Growing the Jewel chain and bringing innovation to the table is important in the competitive industry. Aldi, Mariano's and others have been nibbling away at the marketplace. Also included in the mix are Wal-Mart, Target, Walgreens, CVS, or just about any place else that sells food products.

Jewel continues adjusting its product offerings, especially in Hispanic and other ethnic neighborhoods, remodeling many of its stores and adding three new stores every year, he said.

"The trend now is more organic and natural foods, so we'll be adding even more and integrating those over time," Cygan said.

This summer, Jewel will introduce its own branded online home delivery service. It will fill its virtual cart against such competitors as Skokie-based Peapod, Wal-Mart in Batavia and AmazonFresh in Wood Dale. In fact, Jewel was a provider for about 10 years for Peapod, but then the online service gained a financial infusion from Ahold Delhaize and that grocery company became the provider.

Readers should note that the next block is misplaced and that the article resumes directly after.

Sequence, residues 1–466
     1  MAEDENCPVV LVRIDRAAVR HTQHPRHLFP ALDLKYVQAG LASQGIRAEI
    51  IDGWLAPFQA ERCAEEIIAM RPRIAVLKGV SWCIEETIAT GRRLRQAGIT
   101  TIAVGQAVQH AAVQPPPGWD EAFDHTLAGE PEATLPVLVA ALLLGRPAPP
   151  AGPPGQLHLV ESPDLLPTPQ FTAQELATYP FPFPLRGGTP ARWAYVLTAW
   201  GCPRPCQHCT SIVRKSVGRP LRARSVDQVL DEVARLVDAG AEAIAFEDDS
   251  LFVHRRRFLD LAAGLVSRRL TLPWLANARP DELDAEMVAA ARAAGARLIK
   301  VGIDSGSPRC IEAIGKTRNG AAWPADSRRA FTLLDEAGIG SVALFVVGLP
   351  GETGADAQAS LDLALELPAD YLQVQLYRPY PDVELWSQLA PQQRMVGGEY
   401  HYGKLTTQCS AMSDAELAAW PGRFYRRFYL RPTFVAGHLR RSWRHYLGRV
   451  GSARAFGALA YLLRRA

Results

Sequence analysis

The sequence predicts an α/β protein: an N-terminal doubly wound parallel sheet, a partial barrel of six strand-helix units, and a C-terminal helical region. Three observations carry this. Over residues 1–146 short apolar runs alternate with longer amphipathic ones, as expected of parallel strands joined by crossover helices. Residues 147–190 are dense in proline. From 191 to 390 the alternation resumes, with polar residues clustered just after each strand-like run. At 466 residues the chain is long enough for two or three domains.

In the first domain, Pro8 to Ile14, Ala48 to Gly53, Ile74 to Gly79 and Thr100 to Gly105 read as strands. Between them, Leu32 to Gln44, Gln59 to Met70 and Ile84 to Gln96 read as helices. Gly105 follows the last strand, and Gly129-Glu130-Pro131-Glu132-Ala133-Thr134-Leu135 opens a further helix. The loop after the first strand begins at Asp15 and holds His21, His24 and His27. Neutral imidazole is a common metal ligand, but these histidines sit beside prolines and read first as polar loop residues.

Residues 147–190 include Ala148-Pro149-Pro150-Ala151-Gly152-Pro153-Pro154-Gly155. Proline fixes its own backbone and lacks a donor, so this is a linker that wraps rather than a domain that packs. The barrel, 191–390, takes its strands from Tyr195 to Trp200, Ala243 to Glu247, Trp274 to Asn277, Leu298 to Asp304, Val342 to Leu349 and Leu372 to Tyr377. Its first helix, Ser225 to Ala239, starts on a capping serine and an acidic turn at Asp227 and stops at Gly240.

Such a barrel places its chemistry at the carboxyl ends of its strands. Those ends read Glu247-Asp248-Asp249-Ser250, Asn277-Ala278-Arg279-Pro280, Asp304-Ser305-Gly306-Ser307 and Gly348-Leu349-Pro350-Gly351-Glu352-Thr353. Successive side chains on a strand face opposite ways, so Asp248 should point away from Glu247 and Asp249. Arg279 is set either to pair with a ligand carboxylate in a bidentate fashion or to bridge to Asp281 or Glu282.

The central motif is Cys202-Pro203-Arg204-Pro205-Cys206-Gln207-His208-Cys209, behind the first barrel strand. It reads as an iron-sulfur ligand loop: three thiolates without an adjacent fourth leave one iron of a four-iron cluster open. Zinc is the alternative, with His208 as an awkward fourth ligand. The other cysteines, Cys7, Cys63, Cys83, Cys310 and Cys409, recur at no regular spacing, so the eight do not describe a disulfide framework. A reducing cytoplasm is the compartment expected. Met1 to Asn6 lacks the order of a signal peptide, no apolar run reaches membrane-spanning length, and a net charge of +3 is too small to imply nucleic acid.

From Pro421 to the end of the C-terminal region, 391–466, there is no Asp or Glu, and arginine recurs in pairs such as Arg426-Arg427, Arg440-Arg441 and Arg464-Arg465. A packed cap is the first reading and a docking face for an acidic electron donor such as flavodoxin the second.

Jewel has selected 10 stores that would be hubs for the online delivery service. The company also is in the midst of hiring "a couple of hundred" people to staff that initiative.

"We are a 118-year-old store, so we've been doing fresh a lot longer than anyone else," Cygan said. "We're going to bring a whole new dynamic to online delivery."

In 2013, AB Acquisition LLC acquired Jewel-Osco from SuperValu, a transaction that brought all Albertsons and added Acme Markets, Shaw's and Star Markets. It also added a new investor, Cerberus Capital Management, in 2014. Then by 2015, the parent company doubled its store base when it completed a merger with Safeway. The entire Albertson's company now has about 2,200 stores and 265,000 employees nationwide, according to the company website.